We, nine experienced journalists from eight European countries, are “Investigate Europe”. We research as a multinational team. We share, merge and crosscheck facts – tackling the usual national bias. We point out responsible transnational structures and actors in issues of European-wide relevance to make it possible to hold them accountable.
Are you happy with 4G mobile? You may be, but governments and industry are already looking at the next level – 5G – and the infrastructure for ‘smart homes’ and the ‘internet of things’. According to EU plans, Europe will be hyper-connected by 2025.
And why the rush? So that Europe will not lose out to the USA and China in a global
race for dominance.
So what is the problem? A growing body of science that warns of health risks
from long-term exposure to electromagnetic radiation by mobile
technology. There is almost no research on the effects of the higher frequencies
needed for 5G.
You’ll be connected. But at what price?
As part of this investigation we spoke to many scientists involved in the definition of limits and standards. We have criticised the system as being a “closed club”. To make the common core of the investigation more accessible to our readers we are now publishing an animated graphic showing the connection of the scientific bodies and the researchers, along with excerpts of the interviews.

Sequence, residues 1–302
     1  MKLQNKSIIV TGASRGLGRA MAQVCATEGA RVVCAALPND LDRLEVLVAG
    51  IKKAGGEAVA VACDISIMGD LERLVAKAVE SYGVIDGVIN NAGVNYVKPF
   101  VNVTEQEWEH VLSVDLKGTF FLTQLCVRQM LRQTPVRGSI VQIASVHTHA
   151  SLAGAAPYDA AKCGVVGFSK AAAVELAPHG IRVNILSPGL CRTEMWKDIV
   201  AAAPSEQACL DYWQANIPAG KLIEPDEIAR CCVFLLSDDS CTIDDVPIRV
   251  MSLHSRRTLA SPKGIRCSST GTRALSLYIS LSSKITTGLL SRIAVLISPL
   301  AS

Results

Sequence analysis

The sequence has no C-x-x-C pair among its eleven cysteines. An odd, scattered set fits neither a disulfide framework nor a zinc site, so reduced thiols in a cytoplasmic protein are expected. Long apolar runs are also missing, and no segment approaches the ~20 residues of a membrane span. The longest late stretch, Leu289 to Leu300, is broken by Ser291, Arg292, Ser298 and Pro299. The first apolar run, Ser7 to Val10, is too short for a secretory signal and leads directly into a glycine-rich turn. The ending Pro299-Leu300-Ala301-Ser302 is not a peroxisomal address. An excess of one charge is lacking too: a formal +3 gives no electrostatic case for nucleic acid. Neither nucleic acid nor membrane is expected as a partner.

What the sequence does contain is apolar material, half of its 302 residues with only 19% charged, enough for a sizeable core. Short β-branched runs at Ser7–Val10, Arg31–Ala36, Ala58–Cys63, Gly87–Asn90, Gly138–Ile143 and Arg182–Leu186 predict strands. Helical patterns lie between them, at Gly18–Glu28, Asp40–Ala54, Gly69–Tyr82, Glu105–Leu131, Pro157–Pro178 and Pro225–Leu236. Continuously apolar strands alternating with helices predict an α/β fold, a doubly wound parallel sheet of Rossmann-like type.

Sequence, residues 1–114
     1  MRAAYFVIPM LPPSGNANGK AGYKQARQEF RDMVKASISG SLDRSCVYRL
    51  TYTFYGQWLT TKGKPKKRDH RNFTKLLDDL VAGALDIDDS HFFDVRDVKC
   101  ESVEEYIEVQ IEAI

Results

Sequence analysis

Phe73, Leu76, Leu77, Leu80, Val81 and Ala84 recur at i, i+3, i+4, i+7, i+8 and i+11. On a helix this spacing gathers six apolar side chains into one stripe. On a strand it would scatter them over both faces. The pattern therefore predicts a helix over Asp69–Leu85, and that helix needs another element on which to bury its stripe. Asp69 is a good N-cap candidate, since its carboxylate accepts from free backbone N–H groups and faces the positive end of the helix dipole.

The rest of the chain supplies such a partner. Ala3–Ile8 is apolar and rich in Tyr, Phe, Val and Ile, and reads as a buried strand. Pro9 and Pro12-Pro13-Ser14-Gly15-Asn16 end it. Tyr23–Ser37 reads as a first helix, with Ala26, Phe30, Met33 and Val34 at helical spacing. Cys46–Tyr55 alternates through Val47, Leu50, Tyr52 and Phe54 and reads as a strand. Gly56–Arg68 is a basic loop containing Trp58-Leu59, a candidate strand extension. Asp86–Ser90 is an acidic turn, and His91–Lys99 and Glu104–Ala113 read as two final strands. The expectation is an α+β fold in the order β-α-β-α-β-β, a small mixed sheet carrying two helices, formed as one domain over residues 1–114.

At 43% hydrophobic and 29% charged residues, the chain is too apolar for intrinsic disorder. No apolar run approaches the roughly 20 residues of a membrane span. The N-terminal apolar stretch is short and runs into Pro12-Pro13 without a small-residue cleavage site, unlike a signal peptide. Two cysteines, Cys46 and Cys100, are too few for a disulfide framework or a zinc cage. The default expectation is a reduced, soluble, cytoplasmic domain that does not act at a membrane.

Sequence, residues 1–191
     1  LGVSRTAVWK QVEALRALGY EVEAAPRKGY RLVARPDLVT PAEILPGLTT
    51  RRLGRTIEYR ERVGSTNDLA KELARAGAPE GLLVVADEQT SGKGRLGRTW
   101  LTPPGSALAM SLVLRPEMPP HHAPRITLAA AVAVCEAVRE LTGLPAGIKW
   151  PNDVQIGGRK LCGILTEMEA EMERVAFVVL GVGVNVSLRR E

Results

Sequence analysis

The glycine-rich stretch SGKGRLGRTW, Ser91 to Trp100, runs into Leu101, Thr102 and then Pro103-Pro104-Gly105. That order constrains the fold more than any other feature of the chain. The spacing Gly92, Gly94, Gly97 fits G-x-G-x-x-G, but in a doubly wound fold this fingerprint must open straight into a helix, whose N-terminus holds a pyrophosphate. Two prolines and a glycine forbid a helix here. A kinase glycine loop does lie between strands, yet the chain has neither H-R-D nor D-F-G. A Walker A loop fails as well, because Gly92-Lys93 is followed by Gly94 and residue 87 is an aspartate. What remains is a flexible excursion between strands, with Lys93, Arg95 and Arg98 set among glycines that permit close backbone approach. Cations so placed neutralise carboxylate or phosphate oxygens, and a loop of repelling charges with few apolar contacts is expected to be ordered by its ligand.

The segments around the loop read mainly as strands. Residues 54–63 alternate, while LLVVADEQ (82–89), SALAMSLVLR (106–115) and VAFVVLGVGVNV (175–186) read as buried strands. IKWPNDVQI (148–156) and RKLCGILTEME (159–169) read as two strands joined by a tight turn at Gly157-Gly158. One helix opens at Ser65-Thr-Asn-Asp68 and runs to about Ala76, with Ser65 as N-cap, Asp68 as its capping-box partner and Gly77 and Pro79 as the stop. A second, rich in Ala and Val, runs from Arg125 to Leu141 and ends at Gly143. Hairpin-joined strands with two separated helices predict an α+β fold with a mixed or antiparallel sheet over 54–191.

A clichéd image of an old enemy is once again stalking Europe’s corridors of power: The yellow peril. According to briefings by ministerial and security sources, China wants to use the network technology of the Huawei corporation to infiltrate European communication systems.
IE-member Harald Schumann asks in our new column: Why are those concerns raised now and why are they just limited to Huawei?
Big haulage companies exploit drivers from low-wage countries as a business model, often with severe consequences for those behind the wheel.
In a process known as social dumping, companies employ migrant workers paying them at a level far below the accepted rate for drivers in the countries they’re working. The European Union has so far allowed this to take place, condoning, in fact, some of the worst practices in the road transport industry.